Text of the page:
The first thing to do if you’re not using an English keyboard is to set the keyboard layout. I’m living in Spain and using a keyboard with Spanish layout so I have to run the command:

# loadkeys /usr/share/kbd/keymaps/i386/qwerty/es

Next you have to partition the virtual hard disk. But first you need to know how your disk is named, so you issue the command lsblk.


In my case the name is sda (I know it because its type is disk and it is 20 GB big). The last thing to do before partitioning is to choose the format of the partition table. You have two options: the classic MBR format and the modern GPT format. In general, if your boot loader is not GRUB legacy and you are not running a multi-boot system with Windows using BIOS, then it is recommended to use the GPT format so we will use it (you can read more about both formats here).
Now that we know the disk name and the partition table format we can issue the proper command to partition the disk, in our case:

# gdisk /dev/sda

gdisk is the GPT version of fdisk. A prompt asks we what we want to do (create new partitions, set partition start and end sectors, etc.). The following screenshot shows an example:


After partitioning the disk the partitions table looks like:


The partition 1 is for installing the GRUB bootloader, the partition 2 is for the / filesystem, the partition 3 is for /boot filesystem and the partition 4 is for the /home filesystem. As you can see we aren’t creating a swap partition. This is because we have a large amount of RAM ans a swap partition will probably not be necessary.

Next we format our partitions with the proper flavors of the mkfs command.


Now we have to create the mount points for the partitions and mount them (beware that we don’t mount the boot partition):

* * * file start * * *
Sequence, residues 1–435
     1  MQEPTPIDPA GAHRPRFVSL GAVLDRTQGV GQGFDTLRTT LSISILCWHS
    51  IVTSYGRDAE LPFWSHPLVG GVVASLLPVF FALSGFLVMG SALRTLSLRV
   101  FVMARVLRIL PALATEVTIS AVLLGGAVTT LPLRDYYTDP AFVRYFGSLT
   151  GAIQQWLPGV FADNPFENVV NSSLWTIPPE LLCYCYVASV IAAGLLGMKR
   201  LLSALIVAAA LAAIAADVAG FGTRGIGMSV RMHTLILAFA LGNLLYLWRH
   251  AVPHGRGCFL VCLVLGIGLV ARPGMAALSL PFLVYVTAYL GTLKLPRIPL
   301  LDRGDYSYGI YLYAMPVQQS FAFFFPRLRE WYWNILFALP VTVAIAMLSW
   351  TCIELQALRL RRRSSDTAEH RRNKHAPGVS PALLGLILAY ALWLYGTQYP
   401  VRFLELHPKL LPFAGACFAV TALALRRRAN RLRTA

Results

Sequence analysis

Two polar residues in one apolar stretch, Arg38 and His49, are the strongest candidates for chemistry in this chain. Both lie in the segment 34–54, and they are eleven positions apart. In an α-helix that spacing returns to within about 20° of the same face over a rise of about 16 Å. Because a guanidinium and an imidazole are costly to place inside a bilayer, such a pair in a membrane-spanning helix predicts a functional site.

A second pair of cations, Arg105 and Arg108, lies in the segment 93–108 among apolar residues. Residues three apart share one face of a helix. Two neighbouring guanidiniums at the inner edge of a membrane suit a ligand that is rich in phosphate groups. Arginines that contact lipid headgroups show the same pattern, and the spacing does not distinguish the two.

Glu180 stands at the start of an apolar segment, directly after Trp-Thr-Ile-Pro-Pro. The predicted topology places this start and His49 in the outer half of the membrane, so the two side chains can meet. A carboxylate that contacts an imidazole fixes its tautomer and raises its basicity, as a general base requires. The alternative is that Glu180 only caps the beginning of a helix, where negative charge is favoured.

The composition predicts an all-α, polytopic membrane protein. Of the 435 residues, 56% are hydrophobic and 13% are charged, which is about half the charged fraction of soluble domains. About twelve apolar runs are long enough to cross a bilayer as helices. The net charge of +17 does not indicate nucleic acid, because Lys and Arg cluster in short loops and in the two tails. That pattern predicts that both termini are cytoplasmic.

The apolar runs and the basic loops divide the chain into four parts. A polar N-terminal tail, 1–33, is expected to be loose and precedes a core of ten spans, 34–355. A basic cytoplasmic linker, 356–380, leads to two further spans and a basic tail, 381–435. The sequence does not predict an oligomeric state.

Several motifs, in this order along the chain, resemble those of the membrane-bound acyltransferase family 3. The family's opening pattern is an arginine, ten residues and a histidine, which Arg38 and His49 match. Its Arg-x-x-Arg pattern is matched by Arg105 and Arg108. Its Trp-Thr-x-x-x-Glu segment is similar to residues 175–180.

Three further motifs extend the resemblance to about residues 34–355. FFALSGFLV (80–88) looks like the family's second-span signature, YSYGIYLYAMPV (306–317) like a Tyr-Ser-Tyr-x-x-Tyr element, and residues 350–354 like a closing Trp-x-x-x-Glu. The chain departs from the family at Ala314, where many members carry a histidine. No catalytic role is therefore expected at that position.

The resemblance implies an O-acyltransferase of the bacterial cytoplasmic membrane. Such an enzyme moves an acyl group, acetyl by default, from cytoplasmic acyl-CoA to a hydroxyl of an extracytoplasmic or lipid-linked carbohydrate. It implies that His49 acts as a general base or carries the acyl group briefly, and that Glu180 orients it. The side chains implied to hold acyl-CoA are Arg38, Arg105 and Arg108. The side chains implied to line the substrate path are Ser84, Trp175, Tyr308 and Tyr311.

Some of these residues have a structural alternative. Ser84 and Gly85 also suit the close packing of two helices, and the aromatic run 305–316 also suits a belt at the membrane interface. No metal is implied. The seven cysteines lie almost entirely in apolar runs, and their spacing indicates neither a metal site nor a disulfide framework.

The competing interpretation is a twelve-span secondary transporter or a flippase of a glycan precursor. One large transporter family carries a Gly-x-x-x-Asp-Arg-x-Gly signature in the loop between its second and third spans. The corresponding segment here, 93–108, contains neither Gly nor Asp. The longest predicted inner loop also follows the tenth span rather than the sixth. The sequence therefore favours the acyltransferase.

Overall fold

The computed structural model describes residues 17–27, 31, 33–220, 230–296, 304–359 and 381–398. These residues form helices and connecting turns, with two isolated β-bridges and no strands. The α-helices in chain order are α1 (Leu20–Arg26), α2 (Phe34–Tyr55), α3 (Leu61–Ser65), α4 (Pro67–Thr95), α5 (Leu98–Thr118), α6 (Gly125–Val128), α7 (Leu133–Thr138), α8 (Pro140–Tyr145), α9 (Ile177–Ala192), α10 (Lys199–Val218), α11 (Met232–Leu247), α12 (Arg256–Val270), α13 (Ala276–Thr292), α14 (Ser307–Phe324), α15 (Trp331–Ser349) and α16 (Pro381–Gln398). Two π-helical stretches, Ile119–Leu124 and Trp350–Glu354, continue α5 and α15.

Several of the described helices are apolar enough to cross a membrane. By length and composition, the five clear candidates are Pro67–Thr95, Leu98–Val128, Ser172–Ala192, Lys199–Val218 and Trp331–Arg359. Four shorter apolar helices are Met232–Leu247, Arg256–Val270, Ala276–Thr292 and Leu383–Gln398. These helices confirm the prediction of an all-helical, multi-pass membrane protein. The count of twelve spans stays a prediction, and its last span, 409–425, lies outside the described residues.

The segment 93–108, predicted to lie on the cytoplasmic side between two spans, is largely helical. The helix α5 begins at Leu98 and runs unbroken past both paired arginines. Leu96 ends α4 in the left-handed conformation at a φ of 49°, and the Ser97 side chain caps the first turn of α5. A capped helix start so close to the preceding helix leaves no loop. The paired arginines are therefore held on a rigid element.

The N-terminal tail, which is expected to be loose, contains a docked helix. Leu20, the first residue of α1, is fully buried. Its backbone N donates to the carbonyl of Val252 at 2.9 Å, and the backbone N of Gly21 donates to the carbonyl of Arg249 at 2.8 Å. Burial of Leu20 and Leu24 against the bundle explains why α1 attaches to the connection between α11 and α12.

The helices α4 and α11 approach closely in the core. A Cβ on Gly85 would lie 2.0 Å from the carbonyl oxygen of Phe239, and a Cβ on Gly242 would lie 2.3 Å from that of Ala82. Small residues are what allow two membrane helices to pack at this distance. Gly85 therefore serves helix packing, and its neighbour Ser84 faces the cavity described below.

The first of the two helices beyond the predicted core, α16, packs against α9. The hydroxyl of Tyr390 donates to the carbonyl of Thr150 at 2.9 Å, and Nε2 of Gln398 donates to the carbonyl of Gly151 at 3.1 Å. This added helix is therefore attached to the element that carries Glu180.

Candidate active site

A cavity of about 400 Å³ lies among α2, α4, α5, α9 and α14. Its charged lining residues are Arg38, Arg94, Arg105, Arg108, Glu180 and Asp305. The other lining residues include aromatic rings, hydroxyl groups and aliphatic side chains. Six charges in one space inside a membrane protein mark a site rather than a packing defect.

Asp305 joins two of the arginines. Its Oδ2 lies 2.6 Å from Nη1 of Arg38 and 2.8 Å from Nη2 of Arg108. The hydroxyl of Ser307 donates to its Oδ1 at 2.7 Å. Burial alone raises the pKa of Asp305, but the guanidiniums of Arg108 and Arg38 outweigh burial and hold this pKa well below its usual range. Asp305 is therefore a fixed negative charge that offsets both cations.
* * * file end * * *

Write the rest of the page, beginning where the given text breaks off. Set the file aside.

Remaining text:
# mkdir /mnt/boot
# mkdir /mnt/home
# mount /dev/sda2 /mnt
# mount /dev/sda3 /mnt/boot
# mount /dev/sda4 /mnt/home

Next step is to test our connection to the Internet using the ping command:

# ping -c 3 www..google.com
PING www.l.google.com ( 56(84) bytes of data.
64 bytes from icmp_req=1 ttl=50 time=437 ms
64 bytes from icmp_req=2 ttl=50 time=385 ms
64 bytes from icmp_req=3 ttl=50 time=298 ms

--- www.l.google.com ping statistics ---
3 packets transmitted, 3 received, 0% packet loss, time 1999ms
rtt min/avg/max/mdev = 298.107/373.642/437.202/57.415 ms

Everything seems O.K. (no packet loss) so we go to the next step, the selection of download mirrors. We edit the /etc/pacman.d/mirrorlist file and select the desired mirrors. Regional mirrors usually work best, but it may be necessary to consider other concerns. In my case I simply selected the first five mirrors in the list (for selecting just uncomment the line containing the server). The less the score is the better the server works.


Now we download from the Internet the base system and install it:

# pacstrap /mnt base